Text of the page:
Ensuring that Christmas orders get to their destination is a perennial peak challenge for retailers and their delivery partners. Naming final order dates is a balance between being certain that deliveries will arrive in time, and not cutting off potential orders too early through caution. In years gone by, retailers have been hit when unexpected weather conditions meant deliveries arrived later, and responded in subsequent years by cutting off deliveries too early for last-minute shoppers.
We’ve taken a look at the pre-Christmas delivery promises offered this year by leading retailers in the IRUK Top500 Operations & Logistics Performance Dimension.
Those retailers that have enabled same-day delivery (5% of IRUK Top500 retailers do this) are offering last orders right up until Christmas Eve, which this year falls on a Saturday. Amazon is offering same-evening delivery in London and five other cities for orders made as late as 12 noon. However, it warns that when slots are filled last order times will become earlier. Amazon Prime members in nine cities can order still later, at 9.45pm for one-hour delivery by 10.45pm. But the final day for free delivery is on Tuesday December 20, with the cut-off time for standard paid-for delivery Wednesday December 21.
Other leading retailers are leaving last order cut off for Christmas delivery as late as they can, while still balancing the promise with certainty of arrival. Next is offering a Christmas guarantee that if an order is placed by December 22 for delivery on December 23 or 24 and does not arrive, the recipient can have it for free and have a gift card to the same value – though it limits this to £1,000 per household and for orders made in good faith.
Sainsbury’s , like all the grocers, offers pre-Christmas delivery slots for its grocery deliveries up to Christmas Eve – but these need to be booked well in advance. Availability of slots depends on the area. To order its non-grocery Tu clothing range online for pre-Christmas delivery or collection by December 23, shoppers must order by 2pm on Tuesday December 20 for click and collect, by midnight that day for standard delivery, or by 2pm on Thursday December 22 for next-day delivery.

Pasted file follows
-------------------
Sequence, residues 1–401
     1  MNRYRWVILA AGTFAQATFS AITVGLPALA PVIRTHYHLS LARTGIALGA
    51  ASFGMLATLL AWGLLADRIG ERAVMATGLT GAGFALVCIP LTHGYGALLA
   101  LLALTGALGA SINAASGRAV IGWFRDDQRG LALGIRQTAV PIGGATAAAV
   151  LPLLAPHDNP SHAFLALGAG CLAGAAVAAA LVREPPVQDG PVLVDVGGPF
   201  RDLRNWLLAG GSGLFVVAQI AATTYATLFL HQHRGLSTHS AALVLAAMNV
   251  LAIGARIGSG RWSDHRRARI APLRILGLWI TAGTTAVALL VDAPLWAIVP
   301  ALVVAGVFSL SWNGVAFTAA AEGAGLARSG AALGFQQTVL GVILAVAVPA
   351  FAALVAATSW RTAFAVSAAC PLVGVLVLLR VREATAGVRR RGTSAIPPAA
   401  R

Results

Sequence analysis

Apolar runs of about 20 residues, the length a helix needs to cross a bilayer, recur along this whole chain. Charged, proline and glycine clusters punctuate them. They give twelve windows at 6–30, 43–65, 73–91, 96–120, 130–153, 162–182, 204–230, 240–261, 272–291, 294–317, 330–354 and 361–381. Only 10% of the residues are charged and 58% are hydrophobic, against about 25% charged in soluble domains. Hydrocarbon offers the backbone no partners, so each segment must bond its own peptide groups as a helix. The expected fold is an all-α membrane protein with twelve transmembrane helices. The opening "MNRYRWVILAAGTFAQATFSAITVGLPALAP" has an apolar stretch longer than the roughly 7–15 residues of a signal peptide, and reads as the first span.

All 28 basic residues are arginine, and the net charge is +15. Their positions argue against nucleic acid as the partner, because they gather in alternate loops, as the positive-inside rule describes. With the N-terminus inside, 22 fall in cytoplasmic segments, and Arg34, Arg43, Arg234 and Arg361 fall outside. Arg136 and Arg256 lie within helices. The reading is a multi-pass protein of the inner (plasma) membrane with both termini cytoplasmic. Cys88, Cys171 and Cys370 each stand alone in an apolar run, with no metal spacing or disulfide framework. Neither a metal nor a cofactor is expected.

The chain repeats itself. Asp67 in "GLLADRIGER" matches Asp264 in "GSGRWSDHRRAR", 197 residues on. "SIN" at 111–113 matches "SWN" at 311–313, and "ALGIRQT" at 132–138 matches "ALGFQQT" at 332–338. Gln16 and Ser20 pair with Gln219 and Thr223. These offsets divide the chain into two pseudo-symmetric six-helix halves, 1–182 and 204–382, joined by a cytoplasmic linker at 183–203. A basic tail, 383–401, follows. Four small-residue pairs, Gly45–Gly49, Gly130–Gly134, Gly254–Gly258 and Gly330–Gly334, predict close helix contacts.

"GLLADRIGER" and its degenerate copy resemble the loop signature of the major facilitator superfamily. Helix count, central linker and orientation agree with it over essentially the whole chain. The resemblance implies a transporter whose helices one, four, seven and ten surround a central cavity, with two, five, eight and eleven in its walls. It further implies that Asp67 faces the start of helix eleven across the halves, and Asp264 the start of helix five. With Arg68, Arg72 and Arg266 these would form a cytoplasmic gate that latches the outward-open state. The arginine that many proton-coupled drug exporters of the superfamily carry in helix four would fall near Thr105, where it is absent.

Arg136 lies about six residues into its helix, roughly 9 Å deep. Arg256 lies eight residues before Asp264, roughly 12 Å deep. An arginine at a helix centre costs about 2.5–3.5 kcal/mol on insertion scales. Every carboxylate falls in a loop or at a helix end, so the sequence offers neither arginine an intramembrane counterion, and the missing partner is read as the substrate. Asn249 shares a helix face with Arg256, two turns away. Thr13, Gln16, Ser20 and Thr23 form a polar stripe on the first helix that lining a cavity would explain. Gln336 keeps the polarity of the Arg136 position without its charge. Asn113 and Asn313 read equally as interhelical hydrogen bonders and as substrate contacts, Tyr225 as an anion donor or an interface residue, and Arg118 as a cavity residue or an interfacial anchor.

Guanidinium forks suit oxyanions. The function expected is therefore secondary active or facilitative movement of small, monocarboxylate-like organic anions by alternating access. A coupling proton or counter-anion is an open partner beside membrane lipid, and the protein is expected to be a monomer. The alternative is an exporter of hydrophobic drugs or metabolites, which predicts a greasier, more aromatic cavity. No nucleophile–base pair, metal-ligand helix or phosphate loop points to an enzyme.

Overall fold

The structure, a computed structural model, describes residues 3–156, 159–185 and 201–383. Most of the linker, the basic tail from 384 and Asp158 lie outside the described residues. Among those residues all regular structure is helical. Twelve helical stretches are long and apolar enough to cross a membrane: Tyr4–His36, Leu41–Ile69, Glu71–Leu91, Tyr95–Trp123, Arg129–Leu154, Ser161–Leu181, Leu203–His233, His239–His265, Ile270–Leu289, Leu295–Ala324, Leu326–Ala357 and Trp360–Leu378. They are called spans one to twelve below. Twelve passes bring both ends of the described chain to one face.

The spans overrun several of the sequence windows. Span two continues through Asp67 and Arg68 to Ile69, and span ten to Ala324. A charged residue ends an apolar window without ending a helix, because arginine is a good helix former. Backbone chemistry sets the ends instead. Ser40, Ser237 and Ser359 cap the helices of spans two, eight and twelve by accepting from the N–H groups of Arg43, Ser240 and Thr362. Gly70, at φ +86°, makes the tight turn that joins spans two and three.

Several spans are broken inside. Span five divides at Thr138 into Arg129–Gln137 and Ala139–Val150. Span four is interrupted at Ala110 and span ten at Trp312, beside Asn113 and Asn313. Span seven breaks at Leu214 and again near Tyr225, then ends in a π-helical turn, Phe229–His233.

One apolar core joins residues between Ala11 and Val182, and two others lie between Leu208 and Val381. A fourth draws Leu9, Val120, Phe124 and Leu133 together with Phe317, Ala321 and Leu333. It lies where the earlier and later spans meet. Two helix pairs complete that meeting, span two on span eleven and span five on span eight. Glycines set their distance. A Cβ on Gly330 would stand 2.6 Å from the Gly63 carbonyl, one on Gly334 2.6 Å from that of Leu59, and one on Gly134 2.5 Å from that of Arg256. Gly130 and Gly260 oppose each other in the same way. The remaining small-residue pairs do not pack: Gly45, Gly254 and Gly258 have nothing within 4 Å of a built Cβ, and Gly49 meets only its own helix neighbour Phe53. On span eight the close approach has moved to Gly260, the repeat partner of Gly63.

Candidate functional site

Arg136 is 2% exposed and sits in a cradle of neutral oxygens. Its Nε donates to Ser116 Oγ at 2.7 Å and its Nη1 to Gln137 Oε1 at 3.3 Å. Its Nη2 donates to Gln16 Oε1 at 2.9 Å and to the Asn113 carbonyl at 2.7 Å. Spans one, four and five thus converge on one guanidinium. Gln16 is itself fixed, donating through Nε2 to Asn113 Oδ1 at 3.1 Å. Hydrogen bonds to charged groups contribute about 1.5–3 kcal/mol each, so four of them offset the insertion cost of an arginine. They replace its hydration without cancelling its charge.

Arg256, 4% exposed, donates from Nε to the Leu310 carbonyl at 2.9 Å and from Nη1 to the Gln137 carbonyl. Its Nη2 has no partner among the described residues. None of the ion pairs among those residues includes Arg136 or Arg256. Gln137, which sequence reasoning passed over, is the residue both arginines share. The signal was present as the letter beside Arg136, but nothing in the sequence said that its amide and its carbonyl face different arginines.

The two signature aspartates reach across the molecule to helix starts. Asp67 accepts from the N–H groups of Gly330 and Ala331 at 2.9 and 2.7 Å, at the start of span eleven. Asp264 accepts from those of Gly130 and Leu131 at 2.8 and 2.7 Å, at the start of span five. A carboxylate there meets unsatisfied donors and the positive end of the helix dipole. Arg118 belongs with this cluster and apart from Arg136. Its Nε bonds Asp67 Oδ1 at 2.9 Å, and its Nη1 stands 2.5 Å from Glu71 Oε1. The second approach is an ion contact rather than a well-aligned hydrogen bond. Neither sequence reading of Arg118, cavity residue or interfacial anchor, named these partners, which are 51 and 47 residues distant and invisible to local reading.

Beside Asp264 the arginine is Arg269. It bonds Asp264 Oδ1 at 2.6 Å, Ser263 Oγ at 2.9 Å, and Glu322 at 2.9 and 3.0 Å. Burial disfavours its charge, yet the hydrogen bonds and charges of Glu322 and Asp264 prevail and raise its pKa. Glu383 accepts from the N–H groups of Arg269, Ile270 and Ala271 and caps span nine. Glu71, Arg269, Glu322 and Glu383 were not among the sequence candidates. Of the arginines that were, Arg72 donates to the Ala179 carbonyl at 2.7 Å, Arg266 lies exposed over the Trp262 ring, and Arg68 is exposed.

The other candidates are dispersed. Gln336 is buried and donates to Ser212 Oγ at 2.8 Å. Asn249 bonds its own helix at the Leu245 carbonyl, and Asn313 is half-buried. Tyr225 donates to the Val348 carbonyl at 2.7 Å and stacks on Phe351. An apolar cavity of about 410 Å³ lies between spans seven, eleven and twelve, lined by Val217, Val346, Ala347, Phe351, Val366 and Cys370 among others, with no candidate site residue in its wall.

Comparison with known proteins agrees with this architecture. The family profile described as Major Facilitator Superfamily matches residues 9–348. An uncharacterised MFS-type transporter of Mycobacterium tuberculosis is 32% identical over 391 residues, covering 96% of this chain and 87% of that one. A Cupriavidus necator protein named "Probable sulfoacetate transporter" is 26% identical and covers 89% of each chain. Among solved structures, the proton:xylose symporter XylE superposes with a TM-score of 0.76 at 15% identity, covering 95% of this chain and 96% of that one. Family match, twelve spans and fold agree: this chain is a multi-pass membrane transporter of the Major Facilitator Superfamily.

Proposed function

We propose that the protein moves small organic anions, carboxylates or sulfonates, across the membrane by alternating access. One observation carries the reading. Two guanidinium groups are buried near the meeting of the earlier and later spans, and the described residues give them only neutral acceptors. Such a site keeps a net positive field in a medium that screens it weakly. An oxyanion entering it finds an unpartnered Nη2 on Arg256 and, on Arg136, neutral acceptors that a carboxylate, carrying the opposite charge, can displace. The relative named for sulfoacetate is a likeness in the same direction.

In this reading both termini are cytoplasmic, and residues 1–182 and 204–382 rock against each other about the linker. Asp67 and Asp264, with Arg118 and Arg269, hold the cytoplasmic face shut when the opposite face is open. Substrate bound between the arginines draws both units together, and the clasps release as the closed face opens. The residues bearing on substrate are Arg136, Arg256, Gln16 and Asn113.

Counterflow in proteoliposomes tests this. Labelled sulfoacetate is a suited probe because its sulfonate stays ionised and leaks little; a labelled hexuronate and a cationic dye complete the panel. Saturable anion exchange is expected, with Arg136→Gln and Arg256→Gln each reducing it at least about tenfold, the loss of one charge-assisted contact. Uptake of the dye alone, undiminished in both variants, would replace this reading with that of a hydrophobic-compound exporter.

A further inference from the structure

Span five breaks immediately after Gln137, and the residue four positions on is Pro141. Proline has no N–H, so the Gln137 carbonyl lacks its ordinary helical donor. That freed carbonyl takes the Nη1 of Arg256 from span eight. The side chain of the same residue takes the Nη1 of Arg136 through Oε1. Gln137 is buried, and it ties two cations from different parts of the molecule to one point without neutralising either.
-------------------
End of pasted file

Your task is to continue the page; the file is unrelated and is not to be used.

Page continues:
New Look flags up ‘get it in time for Christmas’ from its home page. A table with a large variety of options shows final order dates for delivery by Christmas, and for New Year. For standard delivery, shoppers must order by 6pm on Wednesday December 21 for Christmas delivery, and on Sunday December 25 for delivery in time for New Year’s celebrations. Next-day cut offs are 7pm for Friday December 23, and 7pm on Friday December 30, while the cut off for next-day click and collect is 6pm on December 23.
The final leading retailer in the IRUK Top500 Operations & Logistics Performance Dimension is Screwfix. But although Screwfix offers very fast delivery times, it seems that Christmas gift buying is not a priority.
• Meanwhile, The Post Office expects to handle record numbers of online purchases and returns at its 11,600 branches as retailers predicts an ecommerce sales boom. It is opening for a million extra hours over Christmas to ensure that customers can get their parcels sent in time. Some 4,000 branches will be opening on Sundays, and 14 extra mobile Post Offices have been introduced to serve remote areas.
Kevin Gilliland, group network and sales director at the Post Office said: “People in Post Offices around the UK are working hard to make this Christmas special for our customers. Many of our 7,000 modernised branches are open from early in the morning and late into the evening seven days a week, making it more convenient to visit. One million extra opening hours is just the start of our Christmas effort, over 55,000 people in our 11,600 branches are on hand to help the millions of customers who will visit in the run up to Christmas.